The Funny Thing About YouTube

Video service, marking its fifth birthday, has changed comedy – and TV. Latest proof: Will Ferrell’s new "Funny or Die" HBO show

Two seemingly unrelated, but inextricably tied events in the annals of comedy are worth noting this week: YouTube’s fifth birthday and the scheduled debut Friday of the "Funny or Die Presents" video sketch show on HBO.

There's much to say, of course, about YouTube's impact on everything from the music industry to journalism to politics. But a good number of those 1 billion views logged daily come in the pursuit of laughter – whether it's a zonked boy babbling after a dental procedure, Hitler weighing in on pop culture outrages in “Downfall” takeoffs or the Muppets singing “Bohemian Rhapsody.”

YouTube has helped democratize comedy: between funny real-life moments captured on video, do-it-yourself efforts and professionals taking advantage of the Internet’s speed and reach, everybody's a comedian these days.

YouTube also has changed the relationship between the Web and TV, intertwining the mediums. Hulu is first stop for comedy fans catching up on "Saturday Night Live," "Family Guy," "The Daily Show," and other favorites. "SNL" has been particularly smart about marketing its Digital Shorts, notching million of views from its video about a certain gift box – appealing to both the sensibility and viewing habits of a younger, online audience.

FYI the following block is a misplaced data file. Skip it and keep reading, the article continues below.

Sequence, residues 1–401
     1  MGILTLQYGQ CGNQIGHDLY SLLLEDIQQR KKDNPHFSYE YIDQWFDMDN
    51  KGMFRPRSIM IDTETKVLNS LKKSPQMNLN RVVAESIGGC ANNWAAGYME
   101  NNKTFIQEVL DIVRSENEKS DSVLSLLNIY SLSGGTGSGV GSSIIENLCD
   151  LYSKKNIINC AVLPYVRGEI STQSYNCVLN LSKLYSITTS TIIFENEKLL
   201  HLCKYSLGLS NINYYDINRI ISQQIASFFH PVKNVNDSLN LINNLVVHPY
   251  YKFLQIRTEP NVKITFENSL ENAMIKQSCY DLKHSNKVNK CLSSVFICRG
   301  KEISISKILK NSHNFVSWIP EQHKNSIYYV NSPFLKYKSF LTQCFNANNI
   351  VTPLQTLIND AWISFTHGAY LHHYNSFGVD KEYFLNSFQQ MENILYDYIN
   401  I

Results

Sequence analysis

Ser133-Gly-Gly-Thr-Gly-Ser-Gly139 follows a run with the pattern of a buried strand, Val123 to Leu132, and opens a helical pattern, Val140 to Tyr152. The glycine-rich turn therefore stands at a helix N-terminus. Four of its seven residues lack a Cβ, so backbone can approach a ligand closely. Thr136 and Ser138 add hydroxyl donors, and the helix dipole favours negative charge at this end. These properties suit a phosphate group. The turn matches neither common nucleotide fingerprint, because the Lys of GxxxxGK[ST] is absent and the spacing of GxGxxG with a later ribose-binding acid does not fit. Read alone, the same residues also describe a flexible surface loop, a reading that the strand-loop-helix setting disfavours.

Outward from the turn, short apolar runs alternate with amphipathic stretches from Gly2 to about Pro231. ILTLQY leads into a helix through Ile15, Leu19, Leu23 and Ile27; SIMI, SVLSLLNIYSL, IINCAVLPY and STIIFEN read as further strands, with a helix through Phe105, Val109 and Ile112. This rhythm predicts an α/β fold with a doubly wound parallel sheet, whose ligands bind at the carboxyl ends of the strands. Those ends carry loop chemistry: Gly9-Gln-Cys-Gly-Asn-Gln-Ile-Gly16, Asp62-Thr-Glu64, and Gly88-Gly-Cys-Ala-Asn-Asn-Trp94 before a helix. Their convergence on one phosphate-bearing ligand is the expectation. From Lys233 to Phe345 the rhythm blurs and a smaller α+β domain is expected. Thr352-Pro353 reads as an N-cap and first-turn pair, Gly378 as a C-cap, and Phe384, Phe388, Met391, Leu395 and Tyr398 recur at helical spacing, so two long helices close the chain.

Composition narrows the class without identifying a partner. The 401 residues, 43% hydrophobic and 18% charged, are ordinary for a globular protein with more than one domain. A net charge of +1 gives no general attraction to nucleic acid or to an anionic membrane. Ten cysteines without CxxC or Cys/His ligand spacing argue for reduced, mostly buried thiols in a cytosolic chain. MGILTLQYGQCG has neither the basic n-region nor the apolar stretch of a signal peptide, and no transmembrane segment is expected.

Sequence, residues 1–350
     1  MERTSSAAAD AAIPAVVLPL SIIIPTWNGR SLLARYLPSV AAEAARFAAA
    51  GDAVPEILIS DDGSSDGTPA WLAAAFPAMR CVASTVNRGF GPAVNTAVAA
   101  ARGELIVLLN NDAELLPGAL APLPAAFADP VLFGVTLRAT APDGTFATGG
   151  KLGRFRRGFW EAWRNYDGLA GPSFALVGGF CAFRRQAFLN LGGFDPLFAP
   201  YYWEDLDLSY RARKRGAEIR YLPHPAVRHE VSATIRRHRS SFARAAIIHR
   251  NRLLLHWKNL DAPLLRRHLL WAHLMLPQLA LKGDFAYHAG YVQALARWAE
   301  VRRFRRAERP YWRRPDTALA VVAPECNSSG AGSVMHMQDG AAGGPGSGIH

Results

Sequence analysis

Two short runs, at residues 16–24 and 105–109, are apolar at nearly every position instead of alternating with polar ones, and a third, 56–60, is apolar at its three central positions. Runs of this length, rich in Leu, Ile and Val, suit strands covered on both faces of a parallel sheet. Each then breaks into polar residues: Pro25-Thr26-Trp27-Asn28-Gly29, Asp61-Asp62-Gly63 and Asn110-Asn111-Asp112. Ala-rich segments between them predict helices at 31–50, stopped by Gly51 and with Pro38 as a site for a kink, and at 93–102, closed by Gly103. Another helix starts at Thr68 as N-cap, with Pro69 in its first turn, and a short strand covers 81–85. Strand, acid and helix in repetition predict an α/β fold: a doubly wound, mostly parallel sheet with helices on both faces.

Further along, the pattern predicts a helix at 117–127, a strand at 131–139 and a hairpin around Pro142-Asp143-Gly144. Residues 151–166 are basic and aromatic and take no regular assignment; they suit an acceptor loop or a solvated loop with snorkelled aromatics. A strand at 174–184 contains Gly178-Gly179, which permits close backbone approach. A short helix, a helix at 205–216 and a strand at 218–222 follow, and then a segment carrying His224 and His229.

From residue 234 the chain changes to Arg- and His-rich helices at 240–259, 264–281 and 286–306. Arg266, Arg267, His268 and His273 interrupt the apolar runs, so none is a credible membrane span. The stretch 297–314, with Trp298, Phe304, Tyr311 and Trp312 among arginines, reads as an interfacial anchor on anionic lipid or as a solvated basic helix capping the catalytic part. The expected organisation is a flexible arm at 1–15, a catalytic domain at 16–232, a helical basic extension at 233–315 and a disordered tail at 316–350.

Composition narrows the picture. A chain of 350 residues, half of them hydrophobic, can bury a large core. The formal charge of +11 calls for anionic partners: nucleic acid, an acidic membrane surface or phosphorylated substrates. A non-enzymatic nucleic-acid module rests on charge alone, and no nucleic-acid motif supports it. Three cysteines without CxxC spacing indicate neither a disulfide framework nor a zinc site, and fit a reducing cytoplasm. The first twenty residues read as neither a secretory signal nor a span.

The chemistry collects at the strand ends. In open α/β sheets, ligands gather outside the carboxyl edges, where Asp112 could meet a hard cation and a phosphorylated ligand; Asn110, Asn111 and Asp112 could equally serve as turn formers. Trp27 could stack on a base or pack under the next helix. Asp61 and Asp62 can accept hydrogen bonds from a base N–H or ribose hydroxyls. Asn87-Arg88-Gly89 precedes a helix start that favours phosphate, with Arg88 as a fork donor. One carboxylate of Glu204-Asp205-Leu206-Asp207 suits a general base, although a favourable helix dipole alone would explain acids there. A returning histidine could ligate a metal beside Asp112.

Comedy Central's "Tosh.O" has built a show (and an online community) around funny – sometimes unintentionally so – videos. Host Daniel Tosh is quickly becoming the Bob Saget of his generation, presenting a snarky Web-driven twist on "America's Funniest Home Videos."

The YouTube do-it-yourself spirit may be best embodied in Funny or Die, a site that debuted nearly three years ago as a place for co-founder Will Ferrell – and just about anyone else with access to a video camera and computer – to post comedy shorts.

Videos live or die based on viewers’ votes. In addition to producing Ferrell gems like "The Landlord,” Funny or Die has become a platform for rising talent and a go-to site for almost-instant satire, with videos lampooning everything from the iPad to "Jersey Shore."

The Internet’s response to the limits of TV comedy comes full circle Friday with the debut of the “Funny or Die Presents” sketch show on HBO, featuring contributions from Ferrell and familiar faces like Zach Galifianakis and Don Cheadle.

Check out the promising preview below, and decide whether to tune in – or log on – for laughs.

Hester is founding director of the award-winning, multi-media NYCity News Service at the City University of New York Graduate School of Journalism. He is the former City Editor of the New York Daily News, where he started as a reporter in 1992. Follow him on Twitter.

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